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Day we Bilston piano pushers struck a note of chaos

By Black Country Bugle  |  Posted: August 21, 2014

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I AM writing a book about my life growing up in Bilston in the 50's and early 60's. It is called Living in God's Country, The Bilston Years.

I have got a bostin' story that may interest your readers. One Saturday my mate 'Dollar' Dolman and I decided to go to Bilston to see if we could find some work to earn a few bob. We were about 12-13 years old. We tried the market to see if they wanted any help later packing up - no one was interested. So we 'mulled' around the town a bit and ended up on Swan Bank. Next to the war memorial was a shop called Shakeshaft's. They bought and sold furniture, clothes, bikes and anything worth having.

We were looking in the window when 'old lady Shakeshaft' came out. She was a stern looking woman, grey haired and glasses.

"Do you want to earn a few bob?" she said.

We jumped at the chance.

On the pavement outside the shop was an upright piano. She gave us the address in Hartshorn Street at the top of the town. Bearing in mind we were 12-13 years old, we started to push the piano up Swan Bank into Hall Street, past the post office and the back of the market, then past the fire station into Dudley Street. We made it into the High Street at the top of the town.

Remember in those days all the heavy traffic - buses, lorries and cars passed through the town.

We saw the break in the traffic and made a final push across the road. As we held the vehicles up, one of the brass castors fell off the bottom. Buses and lorries, cars, even the shoppers stopped. There were horns hooting and papping. The high street came to a standstill.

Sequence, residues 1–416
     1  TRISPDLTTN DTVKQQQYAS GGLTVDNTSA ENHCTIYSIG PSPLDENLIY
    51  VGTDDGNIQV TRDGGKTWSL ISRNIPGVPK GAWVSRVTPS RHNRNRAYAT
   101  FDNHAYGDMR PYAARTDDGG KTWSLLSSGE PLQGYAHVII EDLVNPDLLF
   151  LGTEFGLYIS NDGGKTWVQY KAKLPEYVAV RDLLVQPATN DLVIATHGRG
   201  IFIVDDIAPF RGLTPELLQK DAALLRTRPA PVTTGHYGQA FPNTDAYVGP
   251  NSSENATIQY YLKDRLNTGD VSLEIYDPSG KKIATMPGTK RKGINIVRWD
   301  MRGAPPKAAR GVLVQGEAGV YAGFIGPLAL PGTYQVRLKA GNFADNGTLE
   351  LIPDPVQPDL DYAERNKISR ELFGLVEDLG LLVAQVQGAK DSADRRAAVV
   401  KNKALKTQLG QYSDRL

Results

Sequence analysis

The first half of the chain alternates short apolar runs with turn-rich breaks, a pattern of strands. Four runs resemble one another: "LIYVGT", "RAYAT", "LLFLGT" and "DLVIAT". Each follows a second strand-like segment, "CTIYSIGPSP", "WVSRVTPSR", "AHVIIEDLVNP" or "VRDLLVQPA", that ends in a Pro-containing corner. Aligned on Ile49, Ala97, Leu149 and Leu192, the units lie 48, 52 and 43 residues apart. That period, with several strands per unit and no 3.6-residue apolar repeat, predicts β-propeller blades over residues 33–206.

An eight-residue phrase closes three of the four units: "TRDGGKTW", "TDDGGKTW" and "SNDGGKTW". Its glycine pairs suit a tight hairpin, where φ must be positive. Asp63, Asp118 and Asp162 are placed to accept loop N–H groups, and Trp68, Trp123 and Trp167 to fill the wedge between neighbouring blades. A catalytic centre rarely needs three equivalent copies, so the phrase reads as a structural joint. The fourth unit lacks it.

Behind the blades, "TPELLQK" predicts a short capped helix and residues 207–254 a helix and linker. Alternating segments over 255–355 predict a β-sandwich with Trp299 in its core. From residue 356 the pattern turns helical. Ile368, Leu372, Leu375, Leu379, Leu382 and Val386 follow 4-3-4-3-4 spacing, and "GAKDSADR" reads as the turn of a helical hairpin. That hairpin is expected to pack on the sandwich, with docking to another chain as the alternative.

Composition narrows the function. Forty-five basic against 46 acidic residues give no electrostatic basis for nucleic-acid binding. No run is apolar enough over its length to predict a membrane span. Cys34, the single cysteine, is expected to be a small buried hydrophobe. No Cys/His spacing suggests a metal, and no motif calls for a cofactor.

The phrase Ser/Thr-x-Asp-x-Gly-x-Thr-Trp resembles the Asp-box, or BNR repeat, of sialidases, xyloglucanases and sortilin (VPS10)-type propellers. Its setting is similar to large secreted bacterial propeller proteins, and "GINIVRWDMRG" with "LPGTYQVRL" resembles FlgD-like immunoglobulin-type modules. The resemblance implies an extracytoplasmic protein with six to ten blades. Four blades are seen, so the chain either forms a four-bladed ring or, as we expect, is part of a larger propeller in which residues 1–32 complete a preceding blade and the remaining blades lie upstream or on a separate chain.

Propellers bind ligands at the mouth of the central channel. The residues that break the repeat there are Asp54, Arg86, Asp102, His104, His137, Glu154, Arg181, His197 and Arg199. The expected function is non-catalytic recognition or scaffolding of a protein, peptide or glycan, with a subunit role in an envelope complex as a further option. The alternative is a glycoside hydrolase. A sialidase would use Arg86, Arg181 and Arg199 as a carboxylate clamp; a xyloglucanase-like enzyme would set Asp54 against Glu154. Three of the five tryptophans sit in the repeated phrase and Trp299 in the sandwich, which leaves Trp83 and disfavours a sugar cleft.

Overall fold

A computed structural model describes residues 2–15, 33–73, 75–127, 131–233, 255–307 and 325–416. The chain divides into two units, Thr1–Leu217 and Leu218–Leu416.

We finally made it into Hartshorn Street and stopped in the gutter outside the number of the house she had given us. I knocked the door and this bloke came out.

"Right lads I'll take it from here," he said.

I gave him the broken castor.

"Thank you Mr Burton," I said to him, expecting a tip - nothing doing.

That turned out to be Tommy Burton, Bilston hero and most famous son.

Anyway, we walked back - hands still numb from the vibrations to old Ma Shakeshaft's expecting a healthy payout.

"We've delivered the piano Mrs Shakeshaft," we told her, hands outstretched. She reached into her purse and pressed a 'tanner' (sixpence) each into our still trembling hands. I thought: 'You miserable old b...gger.'

Anyway, off we went and back up the town to spend our well-earned wages.

Thanks for listening, Bugle readers. I hope to write you some more stories from The Bilston Years. Many thanks and God Bless you all.

K.L. Parton,

28 Telford Gdns,

Merry Hill, Wolverhampton.

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